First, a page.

News analysis

Essential for Singapore and Indonesia to build stronger people-to-people ties

As Singapore and Indonesia mark 50 years of ties, it is timely to set tone for future relations

Singapore and Indonesia have, despite periodic tensions, managed to maintain warm and friendly bilateral ties for half a century.

That is no mean feat in a world where international harmony is regularly threatened by political turmoil, regional conflicts, global financial crises as well as Islamic extremism.

Relations between the two founding members of Asean have largely been underpinned by strong economic and defence cooperation. This largely began under Singapore's founding prime minister Lee Kuan Yew and former Indonesian president Suharto - two leaders whose friendship had ensured stability and mutual prosperity.

The second Singapore-Indonesia Leaders' Retreat between Prime Minister Lee Hsien Loong and President Joko Widodo, to be held in the city-state tomorrow, will undoubtedly build on that shared legacy.

With growth a key focus for Mr Joko since he was elected in 2014, more economic collaborations and business tie-ups between the two countries are naturally expected.

But questions have been raised over how the bilateral relationship will evolve, as both countries enter new phases of development, and possible paradigm shifts in political leadership.

The latter has already occurred in Indonesia where, in President Joko, the country has its first elected leader without any links to the old political elite.

His style of governing, said to centre on the Javanese philosophy of sugih tanpa bandha, or being a humble servant-leader, is admired by his people but also often seen as unpredictable by political operatives.

Foreign policy hacks, more used to the established patterns of past Indonesian politicians, are also regularly unnerved because they have been unable to decipher Mr Joko's unconventional approach as head of state.

This trend will continue amid the Indonesian people's hunger for change, which has led to the rise of a new generation of leaders like Mr Joko, as well as others who have been breaking through the ranks of the old establishments, often from cities and regions outside Jakarta.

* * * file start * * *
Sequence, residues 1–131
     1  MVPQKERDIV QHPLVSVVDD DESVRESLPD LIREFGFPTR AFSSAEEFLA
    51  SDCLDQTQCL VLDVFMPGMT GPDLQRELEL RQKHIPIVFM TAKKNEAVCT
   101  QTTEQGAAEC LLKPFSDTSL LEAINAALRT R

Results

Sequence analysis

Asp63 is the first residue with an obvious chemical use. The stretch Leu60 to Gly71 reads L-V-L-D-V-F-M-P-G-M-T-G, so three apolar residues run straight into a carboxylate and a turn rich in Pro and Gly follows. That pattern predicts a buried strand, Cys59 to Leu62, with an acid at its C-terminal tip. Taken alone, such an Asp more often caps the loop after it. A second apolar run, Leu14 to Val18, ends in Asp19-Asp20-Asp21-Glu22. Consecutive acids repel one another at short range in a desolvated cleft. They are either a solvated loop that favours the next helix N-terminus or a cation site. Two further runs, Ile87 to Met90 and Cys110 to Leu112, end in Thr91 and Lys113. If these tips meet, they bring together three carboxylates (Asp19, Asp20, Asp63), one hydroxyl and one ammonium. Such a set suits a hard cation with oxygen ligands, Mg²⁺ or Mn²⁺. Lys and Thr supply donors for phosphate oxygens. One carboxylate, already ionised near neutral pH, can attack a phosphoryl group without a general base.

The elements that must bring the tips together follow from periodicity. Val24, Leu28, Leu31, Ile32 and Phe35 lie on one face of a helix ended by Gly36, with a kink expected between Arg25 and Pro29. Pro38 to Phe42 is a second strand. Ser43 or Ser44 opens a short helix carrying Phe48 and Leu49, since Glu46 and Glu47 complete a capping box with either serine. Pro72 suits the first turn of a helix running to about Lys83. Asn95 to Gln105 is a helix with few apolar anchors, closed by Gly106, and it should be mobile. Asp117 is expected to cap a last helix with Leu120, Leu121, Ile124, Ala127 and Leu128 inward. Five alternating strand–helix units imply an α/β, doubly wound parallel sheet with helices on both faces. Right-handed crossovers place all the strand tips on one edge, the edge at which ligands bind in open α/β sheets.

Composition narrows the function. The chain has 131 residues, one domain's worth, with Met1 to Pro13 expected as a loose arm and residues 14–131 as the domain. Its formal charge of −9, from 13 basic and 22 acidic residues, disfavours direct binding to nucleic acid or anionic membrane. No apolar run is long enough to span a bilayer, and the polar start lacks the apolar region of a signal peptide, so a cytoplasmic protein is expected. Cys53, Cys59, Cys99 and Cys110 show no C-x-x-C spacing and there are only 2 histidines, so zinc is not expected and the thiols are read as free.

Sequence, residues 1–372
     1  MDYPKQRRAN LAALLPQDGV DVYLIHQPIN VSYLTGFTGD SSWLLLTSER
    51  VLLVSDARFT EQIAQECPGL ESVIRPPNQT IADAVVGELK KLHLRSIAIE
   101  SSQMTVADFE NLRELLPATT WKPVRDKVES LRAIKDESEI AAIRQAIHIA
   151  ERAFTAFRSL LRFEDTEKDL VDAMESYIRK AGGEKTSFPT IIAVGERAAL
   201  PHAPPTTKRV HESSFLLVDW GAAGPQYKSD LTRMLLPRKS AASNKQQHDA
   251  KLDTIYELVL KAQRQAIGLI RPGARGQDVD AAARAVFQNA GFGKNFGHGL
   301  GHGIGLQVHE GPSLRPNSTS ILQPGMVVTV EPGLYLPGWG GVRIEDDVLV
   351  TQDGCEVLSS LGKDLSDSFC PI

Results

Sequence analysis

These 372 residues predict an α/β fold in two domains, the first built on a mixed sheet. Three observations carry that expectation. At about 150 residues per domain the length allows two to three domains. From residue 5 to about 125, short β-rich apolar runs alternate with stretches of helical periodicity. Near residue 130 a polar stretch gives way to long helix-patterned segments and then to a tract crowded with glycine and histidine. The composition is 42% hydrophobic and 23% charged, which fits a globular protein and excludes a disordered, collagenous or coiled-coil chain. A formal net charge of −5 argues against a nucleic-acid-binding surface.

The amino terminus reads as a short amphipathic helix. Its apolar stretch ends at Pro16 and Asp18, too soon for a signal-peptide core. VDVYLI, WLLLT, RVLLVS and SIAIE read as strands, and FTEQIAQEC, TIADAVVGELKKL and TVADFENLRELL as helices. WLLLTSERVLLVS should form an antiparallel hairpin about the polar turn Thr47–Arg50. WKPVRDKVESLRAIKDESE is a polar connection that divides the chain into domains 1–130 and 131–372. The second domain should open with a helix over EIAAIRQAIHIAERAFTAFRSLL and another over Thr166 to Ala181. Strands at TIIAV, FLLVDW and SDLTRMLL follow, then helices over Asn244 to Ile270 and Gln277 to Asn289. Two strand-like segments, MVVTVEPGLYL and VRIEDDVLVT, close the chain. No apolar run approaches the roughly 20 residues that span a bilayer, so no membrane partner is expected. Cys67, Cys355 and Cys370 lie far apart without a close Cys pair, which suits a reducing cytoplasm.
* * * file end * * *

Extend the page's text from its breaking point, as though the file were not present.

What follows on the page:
Prime Minister Lee Hsien Loong and Indonesia's President Joko Widodo during their first Leaders' Retreat in Semarang, Indonesia, last November. PHOTO: LIANHE ZAOBAO

The prevailing view is that many Singaporeans today, including some members of the Civil Service, do not have sufficient understanding or knowledge of Indonesia, particularly on the political networks beyond the country's capital.

That is why Dr Leonard Sebastian, an associate professor from the S. Rajaratnam School of International Studies, has been advocating the need for more people-to-people engagements, including exchanges between young Singaporeans and Indonesians.

"We cannot depend on the type of rapport between Mr Lee Kuan Yew and Mr Suharto," said the veteran academic in South-east Asian affairs.

"We need to build new relations and partnerships because within the next five to 10 years, we will have to deal with a new group of people we have no feel for."

Mr David Boey, a long-time observer of the Indonesian military, and former defence correspondent for The Straits Times, who has covered the country extensively, agrees with Dr Sebastian.

"One should not discount the value of personal relationships where phone calls between leaders can pave the way for a mutually beneficial outcome," said Mr Boey.

The member of Singapore's Advisory Council on Community Relations in Defence said that although it is natural to ask how ties can keep rising to the "proverbial next level", it is the next generation that matters more.

PM Lee and Mr Joko's continuation of the pertemuan empat mata, or four-eye meetings, which helped stabilise ties during the Lee Kuan Yew-Suharto era, is a sign of improving bilateral relations in a new age.

But the jubilee celebrations tomorrow are also an opportunity for the current leaders to set the tone for future engagements, possibly beyond government or economic collaborations, and shift towards more exchanges between their people.

Stronger people-to-people ties will not only ensure that the two neighbours remain close and have a robust bilateral relationship, but also help maintain stability in the region amid episodic tensions.

The question is: Will everyday Singaporeans or Indonesians recognise the true value of this friendship to put more effort towards learning about each other?

A version of this article appeared in the print edition of The Straits Times on September 06, 2017, with the headline 'Essential to build stronger people-to-people ties'. Print Edition | Subscribe